The frontier of the US Old West saw cow "boys" living in a different gender to the one assigned at birth. Their lives and other stories from history provide inspiration for the world premiere of Cowbois in the Swan Theatre this autumn.
If you've ever seen Doris Day don a pair of chaps as "Calamity Jane", you'll be familiar with the story of Martha Jane Canary, a real-life frontierswoman who lived in the American Wild West of the late 19th Century.
Known for her supposed habits of wearing male clothing, smoking cigars and engaging in apparently masculine pursuits such as hunting, sharp-shooting and heavy drinking, the life of Calamity Jane is the subversive calling-card for the Cowboy genre. Immortalised on film, the celluloid "Calam" journeys from tomboy to dress-wearing "lady" in 100 minutes. But historians say it's impossible to be certain how much of her story is factual, and how much is Hollywood fiction. What is clear is that pictures of Martha Jane wearing male clothing have survived, and research is uncovering ever more stories of rich and diverse gender expression.
There are many more, less well-known, examples of gender nonconforming and transgender people throughout history, dating right back to the most ancient of civilisations.
Transgender is a broad term, coined in the 1960s, which can be used to describe people whose gender identity is different from the gender they were assigned at birth. Gender nonconforming is a term given to people who don’t observe the gender norms that are expected of them. Being gender nonconforming doesn’t necessarily mean you’re transgender.
The Hijras of South Asia, who today are recognised as a third gender, are a transgender people whose identity evolved in the 13th Century, but who are documented centuries before that. The Roman Emperor Elagabus (d. 222 AD) enjoyed wearing makeup and wigs, preferred to be called "Lady" and is said to have offered vast sums to physicians researching early versions of gender reassignment surgery.
Gender diversity existed in ancient England too: the grave of a 4th Century AD Gallus priestess was found at Cataractonium, a Roman Settlement in North Yorkshire. Galli were born male but chose to live their lives as women in honour of the goddess Cybele.
In medieval Britain Eleanor Rykener, born John, began presenting as female when she started an embroidery apprenticeship in London. Her story appears in court records from 1394 after she was arrested for prostitution. For Eleanor’s trial the court notes were written in Latin, which was uncommon for the time, but allowed for the proceedings to continue without the male or female pronouns frequently required by English or French. The court was aware of Eleanor’s assigned gender at birth but seemed unable to decide on which pronouns to give her in the records, and thus, used Latin.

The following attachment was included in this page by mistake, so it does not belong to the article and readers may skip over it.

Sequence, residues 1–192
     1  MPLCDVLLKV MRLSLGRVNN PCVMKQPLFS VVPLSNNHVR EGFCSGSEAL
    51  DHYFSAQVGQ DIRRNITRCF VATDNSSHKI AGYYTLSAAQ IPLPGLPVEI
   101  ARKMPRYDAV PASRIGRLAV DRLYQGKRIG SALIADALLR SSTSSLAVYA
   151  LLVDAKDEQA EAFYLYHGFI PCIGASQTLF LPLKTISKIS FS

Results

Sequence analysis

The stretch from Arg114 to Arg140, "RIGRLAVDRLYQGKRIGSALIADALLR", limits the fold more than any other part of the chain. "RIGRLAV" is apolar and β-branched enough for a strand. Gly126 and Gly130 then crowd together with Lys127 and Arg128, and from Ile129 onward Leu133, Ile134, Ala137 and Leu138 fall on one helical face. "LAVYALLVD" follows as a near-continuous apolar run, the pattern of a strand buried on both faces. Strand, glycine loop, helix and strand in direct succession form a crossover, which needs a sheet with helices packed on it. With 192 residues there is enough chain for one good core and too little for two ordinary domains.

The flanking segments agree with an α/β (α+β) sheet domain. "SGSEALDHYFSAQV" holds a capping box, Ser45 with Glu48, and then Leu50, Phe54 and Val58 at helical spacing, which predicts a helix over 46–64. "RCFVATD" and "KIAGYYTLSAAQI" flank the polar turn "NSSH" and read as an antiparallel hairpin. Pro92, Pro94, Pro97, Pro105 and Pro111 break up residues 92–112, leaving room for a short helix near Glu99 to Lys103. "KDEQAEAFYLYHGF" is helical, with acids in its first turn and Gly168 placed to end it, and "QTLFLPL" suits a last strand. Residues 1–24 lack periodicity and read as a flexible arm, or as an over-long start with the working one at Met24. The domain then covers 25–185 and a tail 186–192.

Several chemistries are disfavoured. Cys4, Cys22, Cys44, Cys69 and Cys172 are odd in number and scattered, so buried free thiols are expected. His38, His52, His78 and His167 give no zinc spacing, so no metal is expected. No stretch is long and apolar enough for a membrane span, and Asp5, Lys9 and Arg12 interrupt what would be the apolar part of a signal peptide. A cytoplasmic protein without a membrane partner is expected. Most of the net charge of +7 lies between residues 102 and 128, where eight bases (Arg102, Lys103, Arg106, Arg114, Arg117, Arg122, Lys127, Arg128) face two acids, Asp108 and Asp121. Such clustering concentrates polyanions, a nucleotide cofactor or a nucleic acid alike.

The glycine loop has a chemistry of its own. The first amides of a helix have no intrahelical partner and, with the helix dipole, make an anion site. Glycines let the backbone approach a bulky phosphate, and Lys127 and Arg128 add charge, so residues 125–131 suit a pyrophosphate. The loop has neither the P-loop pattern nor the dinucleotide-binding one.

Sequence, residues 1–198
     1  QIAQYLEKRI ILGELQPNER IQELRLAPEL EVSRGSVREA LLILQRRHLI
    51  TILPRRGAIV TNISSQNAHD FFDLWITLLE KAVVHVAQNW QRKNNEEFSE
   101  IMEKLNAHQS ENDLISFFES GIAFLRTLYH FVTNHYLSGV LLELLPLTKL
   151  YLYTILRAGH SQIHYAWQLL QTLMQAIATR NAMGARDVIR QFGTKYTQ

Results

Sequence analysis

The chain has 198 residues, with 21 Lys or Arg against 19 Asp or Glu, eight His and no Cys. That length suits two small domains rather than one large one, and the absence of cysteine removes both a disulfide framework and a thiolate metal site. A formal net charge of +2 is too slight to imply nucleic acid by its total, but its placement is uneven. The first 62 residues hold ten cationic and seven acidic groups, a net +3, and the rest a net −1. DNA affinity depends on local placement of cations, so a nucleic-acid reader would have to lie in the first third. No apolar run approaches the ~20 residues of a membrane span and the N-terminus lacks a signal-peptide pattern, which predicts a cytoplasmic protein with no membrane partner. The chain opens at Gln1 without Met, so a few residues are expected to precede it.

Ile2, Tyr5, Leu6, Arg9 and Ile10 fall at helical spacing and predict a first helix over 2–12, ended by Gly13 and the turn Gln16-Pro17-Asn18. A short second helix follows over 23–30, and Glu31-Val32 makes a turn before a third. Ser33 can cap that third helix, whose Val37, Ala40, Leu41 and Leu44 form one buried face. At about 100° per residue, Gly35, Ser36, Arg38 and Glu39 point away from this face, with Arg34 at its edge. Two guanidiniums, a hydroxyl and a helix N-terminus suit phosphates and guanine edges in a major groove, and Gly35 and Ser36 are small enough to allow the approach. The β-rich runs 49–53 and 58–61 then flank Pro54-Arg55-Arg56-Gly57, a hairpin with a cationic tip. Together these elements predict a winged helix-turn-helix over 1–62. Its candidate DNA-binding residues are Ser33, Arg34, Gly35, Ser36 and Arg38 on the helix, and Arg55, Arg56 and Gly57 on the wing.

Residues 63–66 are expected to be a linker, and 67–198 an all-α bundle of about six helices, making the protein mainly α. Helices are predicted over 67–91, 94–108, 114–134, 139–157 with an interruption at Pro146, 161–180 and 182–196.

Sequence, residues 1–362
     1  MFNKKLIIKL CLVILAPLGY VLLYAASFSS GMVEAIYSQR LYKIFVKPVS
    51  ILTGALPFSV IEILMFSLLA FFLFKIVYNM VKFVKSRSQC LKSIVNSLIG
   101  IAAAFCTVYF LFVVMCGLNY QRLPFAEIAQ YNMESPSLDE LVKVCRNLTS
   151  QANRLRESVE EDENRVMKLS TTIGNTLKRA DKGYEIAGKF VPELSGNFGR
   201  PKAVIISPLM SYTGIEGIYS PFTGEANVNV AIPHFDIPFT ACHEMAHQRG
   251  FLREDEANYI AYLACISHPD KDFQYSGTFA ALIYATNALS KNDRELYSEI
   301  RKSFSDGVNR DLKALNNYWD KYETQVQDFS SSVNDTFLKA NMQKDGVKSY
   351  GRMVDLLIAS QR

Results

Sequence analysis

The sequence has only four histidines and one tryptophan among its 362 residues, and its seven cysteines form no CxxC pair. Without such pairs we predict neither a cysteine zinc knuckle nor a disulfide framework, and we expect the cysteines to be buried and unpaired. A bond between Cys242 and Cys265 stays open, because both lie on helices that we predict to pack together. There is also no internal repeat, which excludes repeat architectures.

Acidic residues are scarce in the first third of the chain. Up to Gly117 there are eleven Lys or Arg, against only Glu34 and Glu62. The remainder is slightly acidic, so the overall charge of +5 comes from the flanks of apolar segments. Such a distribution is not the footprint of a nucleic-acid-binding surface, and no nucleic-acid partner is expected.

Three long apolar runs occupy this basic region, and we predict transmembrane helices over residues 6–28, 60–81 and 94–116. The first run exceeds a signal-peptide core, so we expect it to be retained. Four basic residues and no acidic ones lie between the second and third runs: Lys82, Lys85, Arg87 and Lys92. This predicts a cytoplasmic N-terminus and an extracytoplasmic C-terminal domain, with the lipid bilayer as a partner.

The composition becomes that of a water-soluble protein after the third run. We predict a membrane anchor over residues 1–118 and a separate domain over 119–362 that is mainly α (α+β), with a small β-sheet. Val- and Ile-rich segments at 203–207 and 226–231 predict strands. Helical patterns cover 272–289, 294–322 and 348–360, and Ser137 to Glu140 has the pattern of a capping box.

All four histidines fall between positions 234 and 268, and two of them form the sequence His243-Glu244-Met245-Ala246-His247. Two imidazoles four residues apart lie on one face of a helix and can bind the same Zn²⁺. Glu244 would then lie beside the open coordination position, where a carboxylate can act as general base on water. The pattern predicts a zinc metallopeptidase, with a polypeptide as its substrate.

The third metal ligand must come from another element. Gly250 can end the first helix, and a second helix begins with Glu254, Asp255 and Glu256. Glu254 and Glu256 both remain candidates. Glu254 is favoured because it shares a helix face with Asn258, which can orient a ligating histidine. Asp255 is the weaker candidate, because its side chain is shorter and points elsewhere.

In 18th Century France Chevalier d’Eon, a celebrated soldier, diplomat and spy employed by King Louis XV, lived openly as a man and as a woman in France and England at different stages of their life. The Chevalier d'Eon was so famed that a series of prints depicting them were produced in their lifetime.
Around the same time, John Taylor, born Mary Anne Talbot, joined the French Revolutionary Wars of the 1790s and spent many years at sea living as a man. In 1797 John was seized by a press-gang and was forced to reveal their gender at birth, then returned to England but continued to dress as a sailor and drink with former messmates. And Fanny and Stella (Frederick Park and Ernest Boulton) were a Victorian upper-class couple who frequently and proudly dressed in women's clothes.
Back in the Old West, historians say a variety of reasons led to the frontierspeople defying traditional gender norms. Many chose to dress as the opposite sex for practicality; a woman was able to earn money and have more freedom when presenting as a man.
And the wildness of the West made it a very popular location for people to start a new life due to its scattered and transient nature. People were able to reinvent themselves, take refuge and live freely as any gender in the remote landscape.
Charlie Josephine’s upcoming production Cowbois is a rollicking queer Western that explores themes of gender expression. Read more about Cowbois here.